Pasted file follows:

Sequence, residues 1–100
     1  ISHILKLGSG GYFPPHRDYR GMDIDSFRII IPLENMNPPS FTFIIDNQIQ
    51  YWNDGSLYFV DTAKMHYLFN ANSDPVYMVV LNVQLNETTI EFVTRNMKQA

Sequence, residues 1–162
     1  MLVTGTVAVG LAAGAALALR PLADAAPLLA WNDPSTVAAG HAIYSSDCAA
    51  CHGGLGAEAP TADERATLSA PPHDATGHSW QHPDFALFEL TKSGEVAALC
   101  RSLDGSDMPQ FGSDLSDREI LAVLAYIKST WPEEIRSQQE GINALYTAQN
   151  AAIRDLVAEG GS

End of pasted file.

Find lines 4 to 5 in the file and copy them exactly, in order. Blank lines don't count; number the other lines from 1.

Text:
Sequence, residues 1–162
     1  MLVTGTVAVG LAAGAALALR PLADAAPLLA WNDPSTVAAG HAIYSSDCAA